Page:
I am well. Hope youse are too. Tell me big brothers Doug and Phil that the Army is better than workin' on the farm − tell them to get in bloody quick smart before the jobs are all gone! I wuz a bit slow in settling down at first, because ya don't hafta get outta bed until 6am. But I like sleeping in now, cuz all ya gotta do before brekky is make ya bed and shine ya boots and clean ya uniform. No bloody cows to milk, no calves to feed, no feed to stack − nothin'!! Ya haz gotta shower though, but its not so bad, coz there's lotsa hot water and even a light to see what ya doing!

 

At brekky ya get cereal, fruit and eggs but there's no kangaroo steaks or possum stew like wot Mum makes. You don't get fed again until noon and by that time all the city boys are buggered because we've been on a 'route march' − geez its only just like walking to the windmill in the back paddock!!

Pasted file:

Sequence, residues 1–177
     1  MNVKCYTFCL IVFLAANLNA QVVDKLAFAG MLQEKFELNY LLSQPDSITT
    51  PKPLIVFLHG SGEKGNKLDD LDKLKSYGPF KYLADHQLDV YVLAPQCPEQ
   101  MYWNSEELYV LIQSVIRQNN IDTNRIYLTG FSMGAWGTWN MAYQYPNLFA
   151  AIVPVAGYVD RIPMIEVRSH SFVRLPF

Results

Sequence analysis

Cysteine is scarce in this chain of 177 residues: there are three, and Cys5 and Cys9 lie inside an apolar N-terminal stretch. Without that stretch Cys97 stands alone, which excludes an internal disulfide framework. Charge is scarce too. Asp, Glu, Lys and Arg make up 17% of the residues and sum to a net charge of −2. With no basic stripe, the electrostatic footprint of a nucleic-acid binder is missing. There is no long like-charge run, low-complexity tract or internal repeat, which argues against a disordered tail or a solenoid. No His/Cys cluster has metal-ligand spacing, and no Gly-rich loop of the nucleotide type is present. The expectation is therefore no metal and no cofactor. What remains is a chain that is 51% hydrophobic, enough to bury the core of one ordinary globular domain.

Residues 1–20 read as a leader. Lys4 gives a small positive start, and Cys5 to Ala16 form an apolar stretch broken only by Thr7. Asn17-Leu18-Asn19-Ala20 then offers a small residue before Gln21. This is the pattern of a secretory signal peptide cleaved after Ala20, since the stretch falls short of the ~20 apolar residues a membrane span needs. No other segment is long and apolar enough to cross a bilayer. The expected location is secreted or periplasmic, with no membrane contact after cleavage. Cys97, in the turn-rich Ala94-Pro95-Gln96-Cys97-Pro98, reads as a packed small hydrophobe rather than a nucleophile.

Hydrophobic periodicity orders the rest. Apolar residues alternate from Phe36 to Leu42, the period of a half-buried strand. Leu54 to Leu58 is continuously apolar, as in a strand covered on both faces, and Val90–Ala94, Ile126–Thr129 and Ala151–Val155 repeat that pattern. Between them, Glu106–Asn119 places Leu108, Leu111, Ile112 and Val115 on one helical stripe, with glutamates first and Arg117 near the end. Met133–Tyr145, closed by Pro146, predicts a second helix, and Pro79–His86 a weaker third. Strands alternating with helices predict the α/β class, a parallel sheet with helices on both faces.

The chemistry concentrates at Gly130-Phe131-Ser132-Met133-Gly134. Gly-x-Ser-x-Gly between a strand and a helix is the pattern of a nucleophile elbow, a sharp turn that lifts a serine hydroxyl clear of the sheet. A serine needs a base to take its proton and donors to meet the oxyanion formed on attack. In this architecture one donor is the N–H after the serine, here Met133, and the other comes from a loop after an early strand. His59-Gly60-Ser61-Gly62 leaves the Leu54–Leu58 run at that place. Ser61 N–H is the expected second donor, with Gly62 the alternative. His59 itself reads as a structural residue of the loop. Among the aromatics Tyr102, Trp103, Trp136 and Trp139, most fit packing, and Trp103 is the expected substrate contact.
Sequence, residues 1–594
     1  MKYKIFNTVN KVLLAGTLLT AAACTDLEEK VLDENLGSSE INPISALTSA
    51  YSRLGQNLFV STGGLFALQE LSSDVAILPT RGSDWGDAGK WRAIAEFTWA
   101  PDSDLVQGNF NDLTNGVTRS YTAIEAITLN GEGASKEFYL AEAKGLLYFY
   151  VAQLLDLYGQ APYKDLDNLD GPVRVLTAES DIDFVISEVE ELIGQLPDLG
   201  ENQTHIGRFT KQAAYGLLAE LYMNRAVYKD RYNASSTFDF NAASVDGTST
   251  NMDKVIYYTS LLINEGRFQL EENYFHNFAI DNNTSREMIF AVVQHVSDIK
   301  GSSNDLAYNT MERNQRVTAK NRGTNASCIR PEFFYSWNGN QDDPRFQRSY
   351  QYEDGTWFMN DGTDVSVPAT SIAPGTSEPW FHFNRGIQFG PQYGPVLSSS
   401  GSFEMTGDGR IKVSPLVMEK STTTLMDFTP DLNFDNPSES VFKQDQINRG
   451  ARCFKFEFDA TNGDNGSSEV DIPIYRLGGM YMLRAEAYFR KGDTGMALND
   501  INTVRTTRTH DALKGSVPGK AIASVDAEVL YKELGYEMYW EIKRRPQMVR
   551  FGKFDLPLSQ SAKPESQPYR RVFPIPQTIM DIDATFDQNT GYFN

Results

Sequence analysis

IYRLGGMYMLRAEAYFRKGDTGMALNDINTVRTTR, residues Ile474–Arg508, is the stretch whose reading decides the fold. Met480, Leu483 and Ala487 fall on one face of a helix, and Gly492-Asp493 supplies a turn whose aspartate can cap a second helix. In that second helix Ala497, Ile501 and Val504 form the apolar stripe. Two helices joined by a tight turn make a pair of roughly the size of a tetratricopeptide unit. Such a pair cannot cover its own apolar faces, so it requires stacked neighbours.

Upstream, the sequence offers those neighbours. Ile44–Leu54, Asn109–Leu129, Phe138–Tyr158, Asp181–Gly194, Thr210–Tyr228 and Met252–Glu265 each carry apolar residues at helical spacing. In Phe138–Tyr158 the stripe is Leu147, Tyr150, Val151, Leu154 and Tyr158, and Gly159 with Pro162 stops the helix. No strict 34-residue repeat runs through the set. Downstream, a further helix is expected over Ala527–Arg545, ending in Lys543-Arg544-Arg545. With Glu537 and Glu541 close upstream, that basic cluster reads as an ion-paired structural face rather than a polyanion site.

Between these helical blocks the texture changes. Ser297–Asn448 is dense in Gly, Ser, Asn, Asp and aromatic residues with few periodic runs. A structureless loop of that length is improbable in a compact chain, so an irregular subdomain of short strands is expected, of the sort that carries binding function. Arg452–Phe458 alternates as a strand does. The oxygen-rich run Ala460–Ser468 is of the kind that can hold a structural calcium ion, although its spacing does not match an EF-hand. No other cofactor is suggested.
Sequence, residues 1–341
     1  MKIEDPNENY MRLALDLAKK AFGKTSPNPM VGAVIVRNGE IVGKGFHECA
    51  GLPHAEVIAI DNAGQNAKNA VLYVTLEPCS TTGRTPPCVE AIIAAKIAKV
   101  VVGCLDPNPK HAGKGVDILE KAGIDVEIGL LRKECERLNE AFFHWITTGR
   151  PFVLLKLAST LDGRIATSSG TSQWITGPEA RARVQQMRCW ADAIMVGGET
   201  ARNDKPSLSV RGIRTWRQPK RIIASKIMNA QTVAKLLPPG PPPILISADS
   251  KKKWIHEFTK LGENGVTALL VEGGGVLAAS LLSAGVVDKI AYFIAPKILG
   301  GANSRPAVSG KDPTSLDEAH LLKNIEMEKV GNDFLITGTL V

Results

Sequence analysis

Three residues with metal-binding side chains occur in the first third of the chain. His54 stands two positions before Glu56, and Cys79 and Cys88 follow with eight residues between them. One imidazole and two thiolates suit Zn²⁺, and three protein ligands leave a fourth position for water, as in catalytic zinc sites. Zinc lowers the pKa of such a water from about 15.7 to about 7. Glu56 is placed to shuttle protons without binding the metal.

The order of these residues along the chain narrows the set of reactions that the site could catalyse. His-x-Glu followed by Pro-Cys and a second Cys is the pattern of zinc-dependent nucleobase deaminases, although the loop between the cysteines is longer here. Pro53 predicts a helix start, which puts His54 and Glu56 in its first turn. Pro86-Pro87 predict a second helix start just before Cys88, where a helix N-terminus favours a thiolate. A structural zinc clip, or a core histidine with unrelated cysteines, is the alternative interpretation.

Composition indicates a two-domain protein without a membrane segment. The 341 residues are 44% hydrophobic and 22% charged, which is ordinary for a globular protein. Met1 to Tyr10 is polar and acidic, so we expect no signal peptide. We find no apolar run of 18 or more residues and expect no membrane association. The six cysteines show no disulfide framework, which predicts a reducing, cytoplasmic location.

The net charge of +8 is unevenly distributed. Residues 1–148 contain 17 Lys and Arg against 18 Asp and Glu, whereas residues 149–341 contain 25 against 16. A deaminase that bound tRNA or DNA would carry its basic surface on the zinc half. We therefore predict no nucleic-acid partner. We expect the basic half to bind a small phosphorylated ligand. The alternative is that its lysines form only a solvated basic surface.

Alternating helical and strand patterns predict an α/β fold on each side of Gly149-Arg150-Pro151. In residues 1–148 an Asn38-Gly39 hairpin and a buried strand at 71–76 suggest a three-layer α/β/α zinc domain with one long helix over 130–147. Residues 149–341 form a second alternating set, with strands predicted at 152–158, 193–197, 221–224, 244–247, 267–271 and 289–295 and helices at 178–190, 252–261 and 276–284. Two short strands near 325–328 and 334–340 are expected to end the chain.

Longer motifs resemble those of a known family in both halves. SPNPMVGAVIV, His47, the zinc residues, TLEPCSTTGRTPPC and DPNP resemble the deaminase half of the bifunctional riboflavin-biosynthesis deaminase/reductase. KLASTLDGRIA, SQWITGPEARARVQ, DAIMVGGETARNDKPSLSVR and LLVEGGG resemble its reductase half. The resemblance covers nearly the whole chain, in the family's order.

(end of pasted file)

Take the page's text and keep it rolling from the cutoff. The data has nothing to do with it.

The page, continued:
This one will kill me brothers Doug and Phil with laughter. I keep getting medals for shootin' − dunno why. The bullseye is as big as a bloody possum's bum and it don't move and it's not firing back at ya like the Johnsons did when our big scrubber bull got into their prize cows before the Ekka last year! All ya gotta do is make yourself comfortable and hit the target − it's a piece of piss!! You don't even load your own cartridges, they comes in little boxes, and ya don't have to steady yourself against the rollbar of the roo shooting truck when you reload!

 

Sometimes ya gotta wrestle with the city boys and I gotta be real careful coz they break easy − it's not like fighting with Doug and Phil and Jack and Boori and Steve and Muzza all at once like we do at home after the muster.

 

Turns out I'm not a bad boxer either and it looks like I'm the best the platoon's got, and I've only been beaten by this one bloke from the Engineers − he's 6 foot 5 and 15 stone and three pick handles across the shoulders and as ya know I'm only 5 foot 7 and eight stone wringin' wet, but I fought him till the other blokes carried me off to the boozer.
 

I can't complain about the Army − tell the boys to get in quick before word gets around how bloody good it is.
 

Your loving daughter,
 

Sheila